By A. P. Runke
The wicker chair creaked as I leant back straightening my legs out onto the house’s big wrap around porch. My left hand automatically goes to the collar of my shirt and pulls out my old leather necklace, attached to it is a small cork bottle with some sand and a small leaf inside. As my hands feel its familiar smooth surface I tune into my surroundings. My wife is humming in the kitchen and I can hear her merry tune through the screen door.
Running around playing fetch with old Rufus, my dear bloodhound, are my two grandsons, Robbie and Clay. Robbie is seven and Clay is five still toddling behind his older, faster brother, and my mangy old hound dog.
As the sun starts to set, Rufus comes and lies panting at my feet. The two boys come and sit, their brunette locks bouncing like mine used to at their age. I pull Clay up onto my lap and he plays with my old leather trinket.
“Grandpa,” says Robbie siting patiently by Rufus, “tell us the story of how you got your necklace.” I smile. I’ve told this story since their mother was in diapers. She too was enamored by the tale and the leaf that never withered I kept around my neck.
“Alright. When I was a young man, before I’d met your Grammy I got a job clearing a new hiking trail just up the canyon from Sedona. The trail would wind through the woods, and criss cross Oak Creek. The goal was to bring in more adventurous tourists into our town. Now do you boys know how to make a hiking trail?” Both boys shook their heads no.
“Well, first you’ve got to map out exactly where you want the trail to go. Then you bushwhack your way through leaving markers behind for lumberjacks to follow and clear away trees. Two other fellas and I were paid to mark out the trail ahead of the construction workers and lumberjacks. We were handed maps, a compass, and told to mark trees and other brush to be moved out. We each were assigned a section of forest along the creek and went off.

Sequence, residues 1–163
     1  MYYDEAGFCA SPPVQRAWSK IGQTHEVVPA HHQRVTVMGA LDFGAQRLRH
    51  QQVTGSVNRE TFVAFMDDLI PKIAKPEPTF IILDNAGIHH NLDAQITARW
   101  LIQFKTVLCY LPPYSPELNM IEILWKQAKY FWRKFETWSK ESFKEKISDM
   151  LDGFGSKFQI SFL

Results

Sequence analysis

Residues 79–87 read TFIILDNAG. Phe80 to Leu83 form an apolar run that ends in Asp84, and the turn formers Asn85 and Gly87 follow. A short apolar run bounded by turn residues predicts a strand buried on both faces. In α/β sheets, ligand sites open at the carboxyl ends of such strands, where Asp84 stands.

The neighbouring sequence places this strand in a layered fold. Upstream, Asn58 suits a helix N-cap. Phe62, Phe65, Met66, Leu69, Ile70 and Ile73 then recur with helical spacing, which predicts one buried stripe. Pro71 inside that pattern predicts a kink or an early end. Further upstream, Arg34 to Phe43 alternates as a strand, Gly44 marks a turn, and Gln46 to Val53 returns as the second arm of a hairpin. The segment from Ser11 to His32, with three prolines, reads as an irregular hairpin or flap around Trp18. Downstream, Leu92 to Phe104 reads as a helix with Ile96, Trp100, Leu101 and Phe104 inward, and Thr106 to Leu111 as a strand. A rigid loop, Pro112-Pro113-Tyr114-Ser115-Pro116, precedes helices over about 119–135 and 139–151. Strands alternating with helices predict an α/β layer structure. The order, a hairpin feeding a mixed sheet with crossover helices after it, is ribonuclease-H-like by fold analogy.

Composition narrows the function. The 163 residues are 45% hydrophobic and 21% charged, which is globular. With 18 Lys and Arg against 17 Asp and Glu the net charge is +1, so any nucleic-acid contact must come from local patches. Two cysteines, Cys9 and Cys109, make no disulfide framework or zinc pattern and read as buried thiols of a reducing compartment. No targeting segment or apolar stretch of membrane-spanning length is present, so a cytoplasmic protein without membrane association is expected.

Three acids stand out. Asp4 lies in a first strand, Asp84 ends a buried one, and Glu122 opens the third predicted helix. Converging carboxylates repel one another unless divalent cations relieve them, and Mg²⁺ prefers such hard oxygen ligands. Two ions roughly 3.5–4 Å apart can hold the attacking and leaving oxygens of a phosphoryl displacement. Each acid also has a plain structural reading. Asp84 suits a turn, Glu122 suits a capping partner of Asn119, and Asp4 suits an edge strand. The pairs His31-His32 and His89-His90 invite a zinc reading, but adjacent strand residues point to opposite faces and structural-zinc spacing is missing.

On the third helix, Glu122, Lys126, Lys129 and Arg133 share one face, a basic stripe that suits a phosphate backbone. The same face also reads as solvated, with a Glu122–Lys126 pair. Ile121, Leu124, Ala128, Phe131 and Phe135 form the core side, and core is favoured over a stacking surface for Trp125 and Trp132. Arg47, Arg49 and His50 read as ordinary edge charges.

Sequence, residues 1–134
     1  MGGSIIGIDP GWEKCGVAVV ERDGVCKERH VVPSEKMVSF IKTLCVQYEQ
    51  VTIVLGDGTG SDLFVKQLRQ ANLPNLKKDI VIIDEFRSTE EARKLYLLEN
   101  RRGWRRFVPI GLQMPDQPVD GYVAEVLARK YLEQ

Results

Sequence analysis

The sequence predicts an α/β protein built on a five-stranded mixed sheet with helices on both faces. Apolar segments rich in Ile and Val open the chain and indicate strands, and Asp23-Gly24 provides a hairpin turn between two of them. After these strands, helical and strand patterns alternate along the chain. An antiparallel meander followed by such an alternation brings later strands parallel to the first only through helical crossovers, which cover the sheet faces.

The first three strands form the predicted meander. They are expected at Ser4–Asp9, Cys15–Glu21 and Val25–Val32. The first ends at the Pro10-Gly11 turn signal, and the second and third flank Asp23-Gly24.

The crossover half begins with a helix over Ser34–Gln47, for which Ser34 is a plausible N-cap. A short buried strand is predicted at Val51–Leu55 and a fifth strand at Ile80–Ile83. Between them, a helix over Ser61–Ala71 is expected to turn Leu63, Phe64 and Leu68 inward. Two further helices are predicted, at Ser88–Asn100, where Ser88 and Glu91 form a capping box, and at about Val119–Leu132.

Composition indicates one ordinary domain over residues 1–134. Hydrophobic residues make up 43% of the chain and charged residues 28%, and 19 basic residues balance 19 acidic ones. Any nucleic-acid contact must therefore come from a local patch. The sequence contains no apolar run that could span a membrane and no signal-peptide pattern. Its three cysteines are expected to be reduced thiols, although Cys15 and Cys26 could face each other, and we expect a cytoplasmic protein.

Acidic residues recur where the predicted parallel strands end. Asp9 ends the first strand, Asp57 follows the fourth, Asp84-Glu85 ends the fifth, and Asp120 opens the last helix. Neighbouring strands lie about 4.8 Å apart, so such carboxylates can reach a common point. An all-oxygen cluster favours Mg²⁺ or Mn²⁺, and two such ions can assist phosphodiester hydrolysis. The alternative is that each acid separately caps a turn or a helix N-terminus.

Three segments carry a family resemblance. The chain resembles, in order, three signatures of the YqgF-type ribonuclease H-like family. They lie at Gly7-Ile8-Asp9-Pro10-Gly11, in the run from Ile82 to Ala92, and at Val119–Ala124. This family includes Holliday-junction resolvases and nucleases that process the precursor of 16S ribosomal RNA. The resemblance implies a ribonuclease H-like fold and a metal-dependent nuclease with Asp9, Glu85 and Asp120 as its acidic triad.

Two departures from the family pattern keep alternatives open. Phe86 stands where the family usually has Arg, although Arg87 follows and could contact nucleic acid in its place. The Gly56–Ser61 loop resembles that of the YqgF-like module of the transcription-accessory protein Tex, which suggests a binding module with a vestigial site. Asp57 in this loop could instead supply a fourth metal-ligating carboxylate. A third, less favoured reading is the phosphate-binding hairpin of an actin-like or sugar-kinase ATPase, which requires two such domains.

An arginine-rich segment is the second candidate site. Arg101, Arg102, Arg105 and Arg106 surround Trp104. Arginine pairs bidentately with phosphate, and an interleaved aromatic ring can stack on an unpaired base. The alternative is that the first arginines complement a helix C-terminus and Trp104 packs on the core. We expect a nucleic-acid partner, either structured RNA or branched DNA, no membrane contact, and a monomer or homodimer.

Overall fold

“It was early April and still cool outside, I wore a flannel shirt rolled to my elbows and work gloves, along with my work pants and hiking boots. On my back I carried orange chalk to mark up any tree to be removed. My bit of forest was way back in the canyon, the very end of the trail. I marched on a head of the two other young men’s sections and started to mark trees where the map said for me to begin.”
“And then you met the nymph!” cried Clay. I smiled and ruffled the boy’s hair.
“Not just yet, I didn’t notice the forest nymphs until a few weeks later.”
“How did you see them?”
“I was very nearly done marking trees and large rocks near the end of the trail. I took a break to eat the lunch I had packed myself. The spot I picked was quiet, beautiful. A small pond with lilies and the brightest green algae floated at the top. It was there I dropped a corner of my sandwich into the pond. I watched the bread bob in the water, creating a small clear hole in the algae. All of a sudden I saw what I could have sworn was a small hand, the same bright green as the algae, with webbing between the three fingers snatch the bit of bread. I blinked in amazement. My mother used to talk of seeing garden nymphs among the hyacinths in our back garden. For a moment I wondered if I had seen a forest nymph. Just as I was about to shake the notion form my mind, the biggest lily pad on the pond jumped up, and just beneath it I could make out milky frog-like eyes. The piece of bread then suddenly, all soggy and waterlogged, that piece of bread smacked me right between the eyes. With an exclamation of surprise I wiped it off. When I looked back at the pond, all was still. I couldn’t dismiss what I saw however, for I did still have the soggy crumbs of proof slipping down my nose.
“The day after that was my day off, the forest would be quiet and isolated. I packed a lunch again and made my way past the apple trees just starting to bloom and an abandoned old house still standing at the beginning of the trail. I passed the half-built bridge going to the few planks set over the creek that the workers had been using to cross. The beginning of the trail was starting to come together, a path being worn by men’s boots, and a few felled trees on either side.